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Sue Bradfords form responses deconstructed by Family Integrity.

Posted by watchingcyfswatchnewzealand on April 19, 2007

As posted on CYFSWATCH NZ

Sue Bradfords form responses deconstructed by Family Integrity.
Wednesday, 18.04.2007, 08:14pm (GMT12)

Wednesday, 11 April 2007

11 April 2007 – Family Integrity #218 — Response to Bradfords latest form email

11 April 2007 – Family Integrity #218 — Response to Bradfords latest form email

Greetings all,

Here is Bradford’s “five points” form email she’s sending out far and wide. Attached (below)is my response to it.

Regards,

Craig Smith
National Director
Family Integrity
PO Box 9064
Palmerston North
New Zealand
Ph: (06) 357-4399
Fax: (06) 357-4389
Family.Integrity@xtra.co.nz
http://www.FamilyIntegrity.org.nz

Our Home….Our Castle

—–Original Message—–
From: Sue Bradford [mailto:Sue.Bradford@parliament.govt.nz]
Sent: Tuesday, April 10, 2007 11:39 AM
Subject: Section 59

Thank you for your email.

Firstly I must apologise for the delay in responding to your email. I hope you’ll understand that this has been a very busy time for me and due to the volume of correspondence I am unable to respond personally to every email. I do however read and appreciate all considered correspondence on the Crimes (Substituted Section 59) Amendment Bill.

I would like to respond to several of the points that have been raised in opposition to the Bill.

1. 80% + of the population is opposed to the repeal of Section 59.

A survey was done by UMR last year that found 37 % of participants agreed that Section 59 of the Crimes Act should be ended. This increased to 71 % who agreed that Section 59 of the Crimes Act should be ended, provided guidelines were developed to prevent prosecution for mild slaps and smacking. There was agreement from 64 % that this legislation should be ended if research showed that removing it would decrease child abuse, and from 53 % if research showed that physical punishment is not an effective method of discipline, and that it can be harmful. Research has shown that physical punishment is not effective, guidelines have and will be further developed to prevent frivolous prosecutions, therefore it seems the majority of the country support the Bill.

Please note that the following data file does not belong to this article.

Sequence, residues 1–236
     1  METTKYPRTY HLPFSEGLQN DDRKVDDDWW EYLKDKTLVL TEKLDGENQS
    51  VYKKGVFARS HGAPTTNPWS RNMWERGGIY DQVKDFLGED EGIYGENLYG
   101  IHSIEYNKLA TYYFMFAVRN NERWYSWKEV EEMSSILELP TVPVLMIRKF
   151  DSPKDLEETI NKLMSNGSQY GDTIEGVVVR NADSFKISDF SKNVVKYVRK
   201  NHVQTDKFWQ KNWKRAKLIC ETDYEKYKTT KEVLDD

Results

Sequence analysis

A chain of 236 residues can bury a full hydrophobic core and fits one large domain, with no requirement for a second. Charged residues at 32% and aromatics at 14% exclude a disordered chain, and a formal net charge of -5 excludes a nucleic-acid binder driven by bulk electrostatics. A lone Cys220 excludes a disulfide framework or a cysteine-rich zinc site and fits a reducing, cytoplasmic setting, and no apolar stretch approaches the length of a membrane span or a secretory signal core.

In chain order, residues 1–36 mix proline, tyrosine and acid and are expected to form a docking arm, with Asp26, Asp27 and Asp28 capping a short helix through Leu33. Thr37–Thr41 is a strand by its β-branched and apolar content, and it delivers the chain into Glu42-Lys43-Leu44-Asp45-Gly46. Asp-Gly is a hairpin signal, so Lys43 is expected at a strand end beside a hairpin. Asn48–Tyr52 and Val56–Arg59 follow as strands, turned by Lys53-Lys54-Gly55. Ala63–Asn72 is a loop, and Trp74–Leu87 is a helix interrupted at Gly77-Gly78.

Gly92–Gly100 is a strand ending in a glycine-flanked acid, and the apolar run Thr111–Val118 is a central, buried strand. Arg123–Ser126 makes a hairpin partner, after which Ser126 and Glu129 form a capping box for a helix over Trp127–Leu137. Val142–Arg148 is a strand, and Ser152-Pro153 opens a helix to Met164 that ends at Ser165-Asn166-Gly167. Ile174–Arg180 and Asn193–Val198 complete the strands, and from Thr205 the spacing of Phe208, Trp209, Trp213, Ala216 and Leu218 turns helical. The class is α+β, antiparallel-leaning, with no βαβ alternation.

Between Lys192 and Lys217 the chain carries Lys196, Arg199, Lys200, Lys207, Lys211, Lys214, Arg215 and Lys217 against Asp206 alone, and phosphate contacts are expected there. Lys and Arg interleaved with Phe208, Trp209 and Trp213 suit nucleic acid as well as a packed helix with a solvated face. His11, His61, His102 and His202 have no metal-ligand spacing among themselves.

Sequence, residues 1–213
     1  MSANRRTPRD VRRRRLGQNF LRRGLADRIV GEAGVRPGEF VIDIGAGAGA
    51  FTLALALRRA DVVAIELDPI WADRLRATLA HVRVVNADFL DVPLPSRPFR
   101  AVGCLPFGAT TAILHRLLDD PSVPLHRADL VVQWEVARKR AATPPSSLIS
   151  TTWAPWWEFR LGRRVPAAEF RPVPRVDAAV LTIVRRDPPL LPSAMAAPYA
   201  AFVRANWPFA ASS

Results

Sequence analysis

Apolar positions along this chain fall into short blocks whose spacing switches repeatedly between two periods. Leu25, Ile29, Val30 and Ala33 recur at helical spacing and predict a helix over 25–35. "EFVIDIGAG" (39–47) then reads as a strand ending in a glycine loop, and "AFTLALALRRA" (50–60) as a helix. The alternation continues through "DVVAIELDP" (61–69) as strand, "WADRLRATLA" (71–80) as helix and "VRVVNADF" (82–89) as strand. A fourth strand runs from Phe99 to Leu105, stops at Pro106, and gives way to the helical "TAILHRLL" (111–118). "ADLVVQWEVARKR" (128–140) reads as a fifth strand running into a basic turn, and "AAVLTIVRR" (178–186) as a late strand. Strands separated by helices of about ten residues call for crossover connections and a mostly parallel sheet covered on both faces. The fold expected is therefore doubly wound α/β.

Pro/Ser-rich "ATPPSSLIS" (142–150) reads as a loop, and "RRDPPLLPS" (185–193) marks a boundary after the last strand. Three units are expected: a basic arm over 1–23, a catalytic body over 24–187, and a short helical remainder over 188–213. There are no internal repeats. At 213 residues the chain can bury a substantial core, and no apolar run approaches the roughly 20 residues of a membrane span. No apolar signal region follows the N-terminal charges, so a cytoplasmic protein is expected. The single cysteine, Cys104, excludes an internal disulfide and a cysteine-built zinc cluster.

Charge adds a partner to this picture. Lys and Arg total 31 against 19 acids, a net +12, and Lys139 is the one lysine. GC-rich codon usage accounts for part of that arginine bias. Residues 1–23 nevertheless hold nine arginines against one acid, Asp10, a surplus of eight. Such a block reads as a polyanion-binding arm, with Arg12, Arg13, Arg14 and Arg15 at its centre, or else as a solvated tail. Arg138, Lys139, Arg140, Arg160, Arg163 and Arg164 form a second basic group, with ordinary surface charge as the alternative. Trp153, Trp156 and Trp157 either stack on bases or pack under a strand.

The questions that resulted in 80%+ of the population being against the bill, were framed in terms of the ‘anti-smacking bill’, which does not accurately represent the nature of the Bill and cannot therefore be considered a true indication of the peoples’ voice. It does tell however tell us that we do need to do a lot more education regarding the purpose and content of this Bill.

The Bill has been more than 2 years in the parliamentary process, we have done thorough research, and heard hundreds of submissions. Nothing about this process has been undemocratic.

2. The Repeal of Section 59 will result in good parents being criminalised.

The Bill does not in anyway seek to criminalise or scare good parents. It sets out to remove the legal defence of reasonable force from the Crimes Act. The amended Bill also sets out four purposes where the use of reasonable force – for instance, to carry out the normal, everyday tasks of parenting – is permitted.

Domestic violence and domestic discipline are not the same thing – the Minister of Police has given reassurance that Police will not prosecute indiscriminately. Additionally the Police are developing guidelines about how to respond to complaints of assault on children if the Bill becomes law.

For the last 110 years it has been possible to be convicted for smacking your children, but the way the law has worked in practice is this: if the police receive a complaint, or believe an assault against a child has been sufficiently serious to warrant their attention, then they investigate. If after investigating the police believe there is a case to answer, then they press charges so whoever is suspected of committing the assault has to answer to the courts.